Dr. Jill Biden on American politics: “Governing is not a game”


The first lady says real people are often caught in the middle as lawmakers fail to put in place sustainable policy.

WASHINGTON — Jill Biden went public on Monday with her frustration with a political process that she says treats legislation like a soccer ball to “pass or swing” while real people, like her community college students, wait for help. that would help them build a better future.

“Governing is not a game. There are no teams for or against, just people, Americans from all walks of life who need help and hope,” tthe first lady told a meeting of community college advocates in a message that also seemed aimed at members of Congress.

She was talking about a proposal to make community colleges free, promised during the 2020 presidential campaign, but now dropped from a much larger social welfare and climate bill that was a key national priority. for her husband, President Joe Biden.

Her pointed comments were unusual because first ladies typically try to avoid being drawn into the political fray or getting too involved in the legislative process. But the issue is deeply personal for Jill Biden, who taught at community colleges for many years and is a longtime supporter of waiving tuition to help students who attend those schools. She worked on the issue during the Obama administration, when her husband was vice president.

President Biden scrapped the tuition plan as he tried to win the support of leading Senate Democrats who opposed the scope and cost of the blanket measure, and which he desperately needed the votes for given the strong Republican opposition in a 50-50 split chamber.

But the “Build Back Better” bill ended up stalled in the Senate anyway, and one of those Democrats, Sen. Joe Manchin of West Virginia, recently declared the measure “dead.”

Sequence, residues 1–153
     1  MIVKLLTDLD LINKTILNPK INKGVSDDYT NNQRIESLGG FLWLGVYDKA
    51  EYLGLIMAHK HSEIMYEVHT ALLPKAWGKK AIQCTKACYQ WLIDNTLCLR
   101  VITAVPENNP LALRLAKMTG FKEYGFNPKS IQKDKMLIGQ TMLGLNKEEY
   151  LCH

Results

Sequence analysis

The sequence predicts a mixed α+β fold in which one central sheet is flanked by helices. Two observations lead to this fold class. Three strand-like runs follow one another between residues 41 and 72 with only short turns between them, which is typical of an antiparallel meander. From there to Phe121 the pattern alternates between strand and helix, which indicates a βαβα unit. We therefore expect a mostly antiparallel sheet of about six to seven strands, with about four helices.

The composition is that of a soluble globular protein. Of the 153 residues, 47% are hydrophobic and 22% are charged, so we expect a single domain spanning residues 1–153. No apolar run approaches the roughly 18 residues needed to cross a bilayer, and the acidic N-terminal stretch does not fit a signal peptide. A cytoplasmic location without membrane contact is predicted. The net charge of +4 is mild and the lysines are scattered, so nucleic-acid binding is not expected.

On Monday, Jill Biden told the Association of Community College Trustees’ national legislative summit that the president would continue to push Congress to pass the proposal.

“Joe doesn’t give up. He doesn’t give up. He is delivering on his promise to rebuild our middle class and he knows community colleges are doing just that,” the first lady said to applause.

Last year, Jill Biden, a former community college English and writing teacher, approached the organization with recorded remarksbowing to the COVID-19 pandemic, and promised that her dream of waiving some tuition would come true with her husband in the White House.

“We have to make sure it gets done. And we have to do it now. That’s why we’re going to make sure everyone has access to free training and community education programs,” she said in 2021.

Speaking in person Monday to a masked audience inside a hotel ballroom, she blamed the breach of the “compromise” the president had to make.

The first lady, a professor at Northern Virginia Community College, spoke of having to lend a book to one of her students last week because he couldn’t afford to buy it before payday, and a student mother who eventually dropped out of class because her child caught COVID-19.

Both students would benefit from tuition-free college, child care assistance and other provisions of the stalled legislation, she said.

“Build Back Better isn’t just legislation and it’s certainly not pass or swing football,” Jill Biden said.

White House press secretary Jen Psaki said the first lady “spoke from her heart.”

Myra Gutin, a professor at Rider University and author of “The President’s Partner: The First Lady in the Twentieth Century,” said first ladies don’t attack Congress or call out their failures, but Jill Biden ” must have felt she couldn’t remain silent” on that particular issue.

“Her dismay is real and she wasn’t going to hide her lack of action,” Gutin said in an email.

The first lady, who grew up in Pennsylvania, started with a few words about her love for the sport and Philadelphia’s professional teams, before getting to the point.

“I’m a first lady to all Americans, but when it comes to teams, my heart goes out to the Philadelphia Eagles, 76ers, Phillies and Flyers,” she said. “The competition, the crowds, the rivalries, I love it all.”

“But too often we also treat what’s happening in the nation’s capital like a sports game, wondering which team will score the most points with voters,” she said. “Legislation becomes a soccer ball to be kicked to the other side, and Americans get lost in the playbook.”

Jill Biden said she and the president both knew getting a tuition-free college wouldn’t be “easy,” but she was still disappointed “because, like you, it’s not just bills or budgets for me”.

“We know what they mean to real people, to our students, and that was a real lesson in human nature that some people just don’t understand,” the first lady said.


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